Com service denies explaining multiple issues by Telegram muting
ST. PETERSBURG, May 25 (PRIME) -- Most of the issues with Internet resources citizens are complaining about have nothing to do with the blocking of popular messenger Telegram, the communications service’s Director Alexander Zharov said on Friday on the sidelines of the St. Petersburg International Economic Forum.
“When a huge event takes place, all problems in the world are tied to it…We’re studying this matter (multiple complaints) and opened a hotline, which had received 117,000 requests. Only 400 resources, as it was confirmed, were blocked because of Telegram,” Zharov said.
The communications service started muting Telegram in April upon a court decision because of the popular messenger’s reluctance to share encryption keys with the Federal Security Service, the move Telegram says is technologically and morally impossible.
The watchdog started blocking the IP addresses, mainly of Amazon and Google, that Telegram used to skirt the muting, which was followed by a wave of complaints of inaccessibility of many services.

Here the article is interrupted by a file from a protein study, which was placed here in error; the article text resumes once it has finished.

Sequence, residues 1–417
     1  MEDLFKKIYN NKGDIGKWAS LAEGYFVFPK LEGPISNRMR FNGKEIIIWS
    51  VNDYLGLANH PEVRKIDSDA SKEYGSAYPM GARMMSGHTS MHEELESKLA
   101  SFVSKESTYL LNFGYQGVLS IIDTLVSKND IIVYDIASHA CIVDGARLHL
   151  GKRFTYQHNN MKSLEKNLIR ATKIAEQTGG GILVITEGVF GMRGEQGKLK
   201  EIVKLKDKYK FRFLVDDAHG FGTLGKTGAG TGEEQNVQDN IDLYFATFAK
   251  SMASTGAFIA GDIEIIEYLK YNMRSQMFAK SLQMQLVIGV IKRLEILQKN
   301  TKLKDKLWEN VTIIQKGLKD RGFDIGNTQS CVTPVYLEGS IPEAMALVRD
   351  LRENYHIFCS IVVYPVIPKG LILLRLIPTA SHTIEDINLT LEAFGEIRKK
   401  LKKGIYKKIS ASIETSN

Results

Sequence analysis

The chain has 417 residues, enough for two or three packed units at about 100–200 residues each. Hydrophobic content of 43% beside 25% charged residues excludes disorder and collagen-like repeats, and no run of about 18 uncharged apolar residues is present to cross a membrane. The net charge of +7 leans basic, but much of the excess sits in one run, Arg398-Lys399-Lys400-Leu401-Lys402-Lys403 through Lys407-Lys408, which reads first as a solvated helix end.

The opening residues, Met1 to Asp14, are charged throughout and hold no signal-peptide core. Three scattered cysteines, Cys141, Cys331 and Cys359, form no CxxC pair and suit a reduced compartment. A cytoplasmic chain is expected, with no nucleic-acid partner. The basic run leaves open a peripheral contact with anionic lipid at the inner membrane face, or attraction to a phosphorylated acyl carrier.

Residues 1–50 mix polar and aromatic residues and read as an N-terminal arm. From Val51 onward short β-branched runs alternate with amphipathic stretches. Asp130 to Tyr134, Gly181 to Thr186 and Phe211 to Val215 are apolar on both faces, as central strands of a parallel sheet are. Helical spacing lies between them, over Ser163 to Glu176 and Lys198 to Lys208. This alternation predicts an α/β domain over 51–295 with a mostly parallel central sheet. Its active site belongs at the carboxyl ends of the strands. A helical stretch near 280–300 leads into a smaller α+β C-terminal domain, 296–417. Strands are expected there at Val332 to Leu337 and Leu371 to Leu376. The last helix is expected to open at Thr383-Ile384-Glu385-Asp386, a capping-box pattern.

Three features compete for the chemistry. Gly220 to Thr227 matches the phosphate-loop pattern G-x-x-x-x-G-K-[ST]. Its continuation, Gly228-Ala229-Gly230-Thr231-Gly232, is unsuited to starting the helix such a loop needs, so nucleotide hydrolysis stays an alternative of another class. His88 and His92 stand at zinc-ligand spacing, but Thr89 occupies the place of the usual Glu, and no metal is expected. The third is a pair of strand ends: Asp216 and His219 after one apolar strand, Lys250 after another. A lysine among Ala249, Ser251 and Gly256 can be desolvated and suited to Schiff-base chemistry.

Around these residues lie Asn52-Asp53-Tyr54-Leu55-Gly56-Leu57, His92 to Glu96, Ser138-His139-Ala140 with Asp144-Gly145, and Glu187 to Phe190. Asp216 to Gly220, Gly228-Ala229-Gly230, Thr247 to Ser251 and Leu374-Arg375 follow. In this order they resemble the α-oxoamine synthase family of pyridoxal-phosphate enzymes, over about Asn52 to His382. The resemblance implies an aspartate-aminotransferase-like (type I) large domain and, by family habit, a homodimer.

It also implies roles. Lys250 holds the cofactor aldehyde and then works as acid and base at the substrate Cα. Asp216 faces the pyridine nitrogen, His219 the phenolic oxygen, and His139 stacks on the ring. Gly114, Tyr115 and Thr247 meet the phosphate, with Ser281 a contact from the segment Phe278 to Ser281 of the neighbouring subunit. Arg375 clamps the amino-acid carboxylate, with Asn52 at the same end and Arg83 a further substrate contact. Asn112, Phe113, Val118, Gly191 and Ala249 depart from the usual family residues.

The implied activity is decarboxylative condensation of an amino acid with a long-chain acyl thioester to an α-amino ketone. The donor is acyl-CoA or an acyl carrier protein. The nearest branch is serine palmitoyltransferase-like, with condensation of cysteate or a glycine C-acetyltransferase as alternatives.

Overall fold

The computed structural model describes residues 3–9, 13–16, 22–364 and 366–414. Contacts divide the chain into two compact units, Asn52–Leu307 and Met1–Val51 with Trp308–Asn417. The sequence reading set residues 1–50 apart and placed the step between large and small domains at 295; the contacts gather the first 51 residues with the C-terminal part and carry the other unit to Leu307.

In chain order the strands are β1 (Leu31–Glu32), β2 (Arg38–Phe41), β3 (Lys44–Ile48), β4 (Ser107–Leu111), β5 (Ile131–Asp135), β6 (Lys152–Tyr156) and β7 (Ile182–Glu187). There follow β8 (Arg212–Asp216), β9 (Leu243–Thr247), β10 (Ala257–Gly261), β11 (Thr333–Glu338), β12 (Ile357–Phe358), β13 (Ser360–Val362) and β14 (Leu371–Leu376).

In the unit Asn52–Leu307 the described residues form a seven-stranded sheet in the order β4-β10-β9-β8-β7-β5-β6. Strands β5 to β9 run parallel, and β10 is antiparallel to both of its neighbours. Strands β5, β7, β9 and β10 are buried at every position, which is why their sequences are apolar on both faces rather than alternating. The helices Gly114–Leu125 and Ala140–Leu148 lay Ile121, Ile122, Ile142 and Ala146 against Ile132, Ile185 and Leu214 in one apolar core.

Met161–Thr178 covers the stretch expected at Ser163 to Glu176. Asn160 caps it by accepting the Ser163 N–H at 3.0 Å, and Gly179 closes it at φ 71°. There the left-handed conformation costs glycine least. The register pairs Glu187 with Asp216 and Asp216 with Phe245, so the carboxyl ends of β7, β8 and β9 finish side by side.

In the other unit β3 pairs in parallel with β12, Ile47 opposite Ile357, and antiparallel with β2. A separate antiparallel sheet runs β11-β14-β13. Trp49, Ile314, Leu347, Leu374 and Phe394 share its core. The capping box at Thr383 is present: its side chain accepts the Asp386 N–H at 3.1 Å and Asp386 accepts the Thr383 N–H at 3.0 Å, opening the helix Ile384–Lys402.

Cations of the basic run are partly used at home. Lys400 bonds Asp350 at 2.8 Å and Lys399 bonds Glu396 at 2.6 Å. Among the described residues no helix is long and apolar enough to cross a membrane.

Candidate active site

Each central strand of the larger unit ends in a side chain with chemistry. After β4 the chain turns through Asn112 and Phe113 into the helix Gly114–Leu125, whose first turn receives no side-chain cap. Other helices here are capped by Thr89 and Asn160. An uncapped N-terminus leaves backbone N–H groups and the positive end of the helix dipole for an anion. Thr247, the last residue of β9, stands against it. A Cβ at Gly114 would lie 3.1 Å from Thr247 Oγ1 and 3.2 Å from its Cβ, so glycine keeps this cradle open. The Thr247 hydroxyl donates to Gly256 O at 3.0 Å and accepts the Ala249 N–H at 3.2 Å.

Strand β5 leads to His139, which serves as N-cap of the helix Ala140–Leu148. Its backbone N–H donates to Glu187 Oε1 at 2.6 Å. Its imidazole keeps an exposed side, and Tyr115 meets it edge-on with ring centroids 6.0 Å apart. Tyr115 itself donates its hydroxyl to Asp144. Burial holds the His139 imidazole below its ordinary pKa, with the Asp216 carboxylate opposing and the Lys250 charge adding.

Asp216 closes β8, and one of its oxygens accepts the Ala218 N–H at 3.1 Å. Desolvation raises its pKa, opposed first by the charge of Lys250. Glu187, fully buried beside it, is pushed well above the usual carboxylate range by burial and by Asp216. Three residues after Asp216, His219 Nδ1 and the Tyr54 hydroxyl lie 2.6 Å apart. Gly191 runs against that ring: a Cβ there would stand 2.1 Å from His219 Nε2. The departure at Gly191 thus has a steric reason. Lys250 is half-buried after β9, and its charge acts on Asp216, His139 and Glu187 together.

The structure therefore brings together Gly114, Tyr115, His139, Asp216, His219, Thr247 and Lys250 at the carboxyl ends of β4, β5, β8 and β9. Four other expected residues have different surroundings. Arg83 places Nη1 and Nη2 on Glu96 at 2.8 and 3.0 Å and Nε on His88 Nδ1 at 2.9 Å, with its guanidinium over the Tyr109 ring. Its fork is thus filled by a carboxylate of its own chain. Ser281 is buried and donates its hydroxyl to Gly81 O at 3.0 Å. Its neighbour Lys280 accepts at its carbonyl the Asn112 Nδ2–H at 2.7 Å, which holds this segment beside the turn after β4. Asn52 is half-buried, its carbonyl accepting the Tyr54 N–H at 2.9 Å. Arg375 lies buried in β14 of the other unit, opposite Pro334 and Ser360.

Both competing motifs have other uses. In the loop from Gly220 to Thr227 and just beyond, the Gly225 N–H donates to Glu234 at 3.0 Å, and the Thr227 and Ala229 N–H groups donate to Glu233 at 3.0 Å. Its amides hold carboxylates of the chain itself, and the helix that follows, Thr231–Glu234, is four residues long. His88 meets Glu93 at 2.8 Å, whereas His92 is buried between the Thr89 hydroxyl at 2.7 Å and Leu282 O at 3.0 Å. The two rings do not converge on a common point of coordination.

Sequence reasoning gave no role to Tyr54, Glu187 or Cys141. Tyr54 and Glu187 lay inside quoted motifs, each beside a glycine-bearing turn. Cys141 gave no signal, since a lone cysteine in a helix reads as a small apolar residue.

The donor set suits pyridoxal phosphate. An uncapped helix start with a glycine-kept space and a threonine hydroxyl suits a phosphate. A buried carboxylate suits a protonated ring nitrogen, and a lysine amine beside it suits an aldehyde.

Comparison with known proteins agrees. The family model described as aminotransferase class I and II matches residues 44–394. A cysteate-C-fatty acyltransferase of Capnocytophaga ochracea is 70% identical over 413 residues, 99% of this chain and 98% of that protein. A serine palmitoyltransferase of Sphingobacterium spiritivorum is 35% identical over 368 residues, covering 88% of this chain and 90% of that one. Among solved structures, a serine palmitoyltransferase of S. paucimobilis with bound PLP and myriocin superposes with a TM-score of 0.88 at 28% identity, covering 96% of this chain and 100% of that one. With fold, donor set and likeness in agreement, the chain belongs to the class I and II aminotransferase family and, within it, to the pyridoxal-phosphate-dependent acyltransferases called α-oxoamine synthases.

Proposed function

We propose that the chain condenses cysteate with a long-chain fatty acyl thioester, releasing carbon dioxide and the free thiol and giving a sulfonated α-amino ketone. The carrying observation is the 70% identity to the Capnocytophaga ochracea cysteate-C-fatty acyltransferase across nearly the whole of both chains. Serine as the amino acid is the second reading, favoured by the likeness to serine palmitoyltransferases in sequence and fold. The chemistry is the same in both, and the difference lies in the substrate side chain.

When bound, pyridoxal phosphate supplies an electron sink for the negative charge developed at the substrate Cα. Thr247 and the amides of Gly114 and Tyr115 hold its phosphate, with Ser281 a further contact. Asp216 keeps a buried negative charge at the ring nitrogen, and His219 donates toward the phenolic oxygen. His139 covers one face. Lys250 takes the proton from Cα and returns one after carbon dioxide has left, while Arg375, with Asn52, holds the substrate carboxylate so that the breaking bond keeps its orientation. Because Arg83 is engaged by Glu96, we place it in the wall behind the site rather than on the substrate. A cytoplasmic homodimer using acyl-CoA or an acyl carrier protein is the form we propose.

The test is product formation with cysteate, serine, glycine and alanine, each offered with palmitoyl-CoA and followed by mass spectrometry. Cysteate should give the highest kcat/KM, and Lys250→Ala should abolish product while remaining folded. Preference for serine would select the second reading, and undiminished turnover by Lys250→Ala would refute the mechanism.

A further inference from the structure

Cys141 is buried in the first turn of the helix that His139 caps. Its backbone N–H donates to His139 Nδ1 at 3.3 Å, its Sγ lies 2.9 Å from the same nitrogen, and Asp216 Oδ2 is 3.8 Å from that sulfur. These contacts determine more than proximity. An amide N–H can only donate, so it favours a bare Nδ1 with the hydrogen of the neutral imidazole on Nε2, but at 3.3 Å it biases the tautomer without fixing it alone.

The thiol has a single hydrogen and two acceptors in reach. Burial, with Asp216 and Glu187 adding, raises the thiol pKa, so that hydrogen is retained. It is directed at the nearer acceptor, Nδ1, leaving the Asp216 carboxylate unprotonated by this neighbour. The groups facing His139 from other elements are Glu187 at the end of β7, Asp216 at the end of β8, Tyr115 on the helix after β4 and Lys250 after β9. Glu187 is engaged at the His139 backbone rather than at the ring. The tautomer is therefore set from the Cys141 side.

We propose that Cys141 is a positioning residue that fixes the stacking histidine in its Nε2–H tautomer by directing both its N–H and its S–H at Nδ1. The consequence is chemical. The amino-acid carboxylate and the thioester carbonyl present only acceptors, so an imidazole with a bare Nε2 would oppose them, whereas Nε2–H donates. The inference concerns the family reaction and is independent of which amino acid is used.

“Citizens of our country use almost 70 messengers both local and foreign, so there is an alternative (to Telegram)…This is why it is not true to say that if Telegram is blocked we’re deprived of something unique,” Zharov said.
People can continue using Telegram via virtual private networks because it is their choice, Zharov said, adding that a loud story attracts much attention.
There is also a motivated audience with popular Telegram channels who earn on their content or just want to oppose to all sorts of blocking.
By different estimates, Telegram had the core audience of 12–15 million people in the country, and now it loses from 15 to 25% of them. “Speaking to some owners of popular Telegram channels, we understand that advertising is declining by about a quarter,” Zharov said.
“Unfortunately, thanks to activities of its programmers, the application is hiding itself behind a ‘human shield’ consisting of transnational companies and right-minded resources with which they share the same IP addresses,” he said.
“We do not block new sub-systems and have no intentions to do so. We block resources target-wisely.”